I know I have written a post about interviews before but I want to throw this out there so you can all read and take some comfort that not all interviews go smoothly but none can go as roughly as this one did.
Interviews are nerve wracking at the best of times. But one of the first interviews I sat after graduating was awkward, lengthy and embarrassing. I think that you can’t really get as bad as this when it comes to interviews (falling short of any slap stick scenarios I might add).
So I was told about a job opening, that was technically internal in a local school/college for a teaching assistant position. I was given the interview questions but only skimmed over them having recently sat an interview for a similar position I thought I would be as natural as possible without having rehearsed answers. The job advert simply stated that they were looking for a teaching assistant to occasionally work with disabled students. I thought that this was standard and that any inexperience they may see in me would be easily corrected if they were to train me (which is a pretty standard thing to expect anyway).
So I went along to the interview in my usual smart dress code and spoke to reception who said someone would be out to get me shortly. After a length that felt like ages I was taken into a teaching room with three or four people sat around it (it was a while ago now) they were from varying positions around the school/college in HR, teaching etc. They asked me some basic HR questions and then proceeded to give me information about the post.
They showed me pictures of pupils/students in class and doing activities. However they told me that I would be working solely with disabled pupils who were of a similar age to myself who could not communicate. They told me that they could sometimes be known to click or clap as a response to something but with someone new that would only happen after they were comfortable with me. Now first up I’d like to point out that I have nothing against the disabled or the handicapped (or whatever they wish to be called) but they then went on to tell me these people could not “feed or toilet themselves”. They asked me how I felt about that role and how I’d feel having to perform those duties.
My mind was awash with phrases and taking on all this information all things that were designed to keep up the appearance that this interview was going well and I was personable and willing to learn. I nodded and said that I acknowledged I would have to go through some training but I would be willing to take on the role. But that was a lie. A total lie for sake of appearances. This was not what I had applied for. And with all due respect to those disabled people I could not see myself taking on the role of what was effectively a nurse – not a teaching assistant position!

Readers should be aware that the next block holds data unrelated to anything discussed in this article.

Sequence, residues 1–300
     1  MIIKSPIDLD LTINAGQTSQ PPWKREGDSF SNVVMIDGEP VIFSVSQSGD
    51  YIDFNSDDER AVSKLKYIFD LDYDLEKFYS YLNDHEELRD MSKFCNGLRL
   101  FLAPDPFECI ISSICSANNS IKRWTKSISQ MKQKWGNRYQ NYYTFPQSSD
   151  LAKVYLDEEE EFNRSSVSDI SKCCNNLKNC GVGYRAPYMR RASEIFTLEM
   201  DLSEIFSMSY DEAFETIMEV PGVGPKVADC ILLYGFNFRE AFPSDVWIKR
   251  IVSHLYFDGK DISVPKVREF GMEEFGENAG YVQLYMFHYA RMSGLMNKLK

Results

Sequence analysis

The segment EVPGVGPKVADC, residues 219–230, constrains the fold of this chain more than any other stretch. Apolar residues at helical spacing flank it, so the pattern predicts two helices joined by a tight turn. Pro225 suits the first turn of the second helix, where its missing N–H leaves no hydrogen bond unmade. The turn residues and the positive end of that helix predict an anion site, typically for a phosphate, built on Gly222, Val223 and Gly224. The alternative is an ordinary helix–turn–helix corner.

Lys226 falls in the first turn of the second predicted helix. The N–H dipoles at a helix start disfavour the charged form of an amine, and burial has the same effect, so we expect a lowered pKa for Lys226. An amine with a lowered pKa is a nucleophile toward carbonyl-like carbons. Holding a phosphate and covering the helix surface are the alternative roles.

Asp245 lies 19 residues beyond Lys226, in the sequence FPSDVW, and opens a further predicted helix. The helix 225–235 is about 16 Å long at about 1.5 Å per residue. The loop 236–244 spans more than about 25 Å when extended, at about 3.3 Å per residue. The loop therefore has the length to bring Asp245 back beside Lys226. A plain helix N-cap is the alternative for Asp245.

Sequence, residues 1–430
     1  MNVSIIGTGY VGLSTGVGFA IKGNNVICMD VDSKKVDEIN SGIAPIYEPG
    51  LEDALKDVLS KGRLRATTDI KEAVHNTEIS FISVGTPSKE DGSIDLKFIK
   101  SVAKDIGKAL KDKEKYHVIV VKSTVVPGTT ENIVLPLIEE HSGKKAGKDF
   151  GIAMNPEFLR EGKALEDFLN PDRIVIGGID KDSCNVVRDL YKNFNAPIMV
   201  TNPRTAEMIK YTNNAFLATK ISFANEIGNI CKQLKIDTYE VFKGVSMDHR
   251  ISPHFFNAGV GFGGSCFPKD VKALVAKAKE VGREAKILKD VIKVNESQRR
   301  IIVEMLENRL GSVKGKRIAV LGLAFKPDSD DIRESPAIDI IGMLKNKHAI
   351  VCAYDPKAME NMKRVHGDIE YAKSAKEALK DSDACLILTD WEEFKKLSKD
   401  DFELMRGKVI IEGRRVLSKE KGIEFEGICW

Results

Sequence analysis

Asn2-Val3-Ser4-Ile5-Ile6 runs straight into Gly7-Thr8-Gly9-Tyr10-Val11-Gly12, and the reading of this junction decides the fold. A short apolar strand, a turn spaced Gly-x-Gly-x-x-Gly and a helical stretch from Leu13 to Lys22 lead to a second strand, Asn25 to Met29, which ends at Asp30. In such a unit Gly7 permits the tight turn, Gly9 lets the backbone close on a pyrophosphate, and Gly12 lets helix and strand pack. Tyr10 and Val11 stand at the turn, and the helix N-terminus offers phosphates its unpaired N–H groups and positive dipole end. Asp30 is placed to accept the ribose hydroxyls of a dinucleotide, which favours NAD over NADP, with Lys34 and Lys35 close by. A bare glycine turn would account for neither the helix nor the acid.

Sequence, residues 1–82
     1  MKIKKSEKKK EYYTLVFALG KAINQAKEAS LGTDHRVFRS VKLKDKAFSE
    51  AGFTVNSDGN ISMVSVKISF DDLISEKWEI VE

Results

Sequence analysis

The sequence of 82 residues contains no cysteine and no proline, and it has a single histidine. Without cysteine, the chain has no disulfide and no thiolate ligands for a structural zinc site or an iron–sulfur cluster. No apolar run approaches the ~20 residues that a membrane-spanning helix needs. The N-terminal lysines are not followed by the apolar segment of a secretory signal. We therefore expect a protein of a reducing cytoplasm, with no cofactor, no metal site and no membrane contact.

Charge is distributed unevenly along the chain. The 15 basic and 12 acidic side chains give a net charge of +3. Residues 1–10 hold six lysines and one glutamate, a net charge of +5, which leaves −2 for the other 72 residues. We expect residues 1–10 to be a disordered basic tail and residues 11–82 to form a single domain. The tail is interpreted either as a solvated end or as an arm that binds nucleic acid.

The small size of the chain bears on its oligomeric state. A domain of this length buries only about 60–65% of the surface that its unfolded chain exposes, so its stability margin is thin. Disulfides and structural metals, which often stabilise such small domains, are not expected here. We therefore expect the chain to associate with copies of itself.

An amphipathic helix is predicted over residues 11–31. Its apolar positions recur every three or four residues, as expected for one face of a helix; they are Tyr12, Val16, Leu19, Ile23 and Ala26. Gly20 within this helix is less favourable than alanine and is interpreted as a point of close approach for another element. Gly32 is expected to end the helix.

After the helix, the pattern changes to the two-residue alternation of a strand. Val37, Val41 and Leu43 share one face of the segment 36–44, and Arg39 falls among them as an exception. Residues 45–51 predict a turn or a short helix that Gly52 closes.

With hind sight I can see that the moment they told me how dependent they were and the depth of the tasks I would have to do (which, by the way, I think are incredibly difficult and full credit to people who do those things!) I should have said something. I should have, without fear said “I’m sorry I don’t think this is the role I applied for”.
I wish I had had the guts to do that because to this day I wonder whether I was taken to the wrong interview for the wrong role. Or maybe, if I was in the right place for the right role they could have heard my feedback about the advert I had seen (which had not gone into this much detail). Their recruitment strategy was either wrong or I was in the wrong place. Afterwards they sent me a letter which contained a rejection – which I was relieved but not surprised to get. I wish someone had called me from there so I could explain to them what I thought had gone wrong. But alas they gave me no such chance and no feedback. To top it all, towards the end of the interview they asked me whether there was anything preventing me from accepting the role immediately, should I be accepted. I said NO! WHY? WHY DID I SAY NO? Inside I was screaming – “YES! YES THERE IS! I feel like you lied in your job advert or at least didn’t accurately advertise the post or I’ve been sat in the wrong room for nearly 2 hours!”
Usually this would be the part where I try to summarise some of the main lessons I learned from this into a nice list for you. But I just generally want people to know that you can say “Hold up, this isn’t what I thought it would be”
I regret not taking that chance and saying that because I sat in that interview room for an hour and a half being grilled, feeling stupid and feeling as though I had somehow generally insulted or let down huge group of disabled people. A little bit of me wanted to cry. But I didn’t. My inexperience with interviews was what led to that down fall – don’t be a twonk and do the same as me! Be honest, speak up and by golly don’t take a job for the sake of it! (more on that another time maybe)…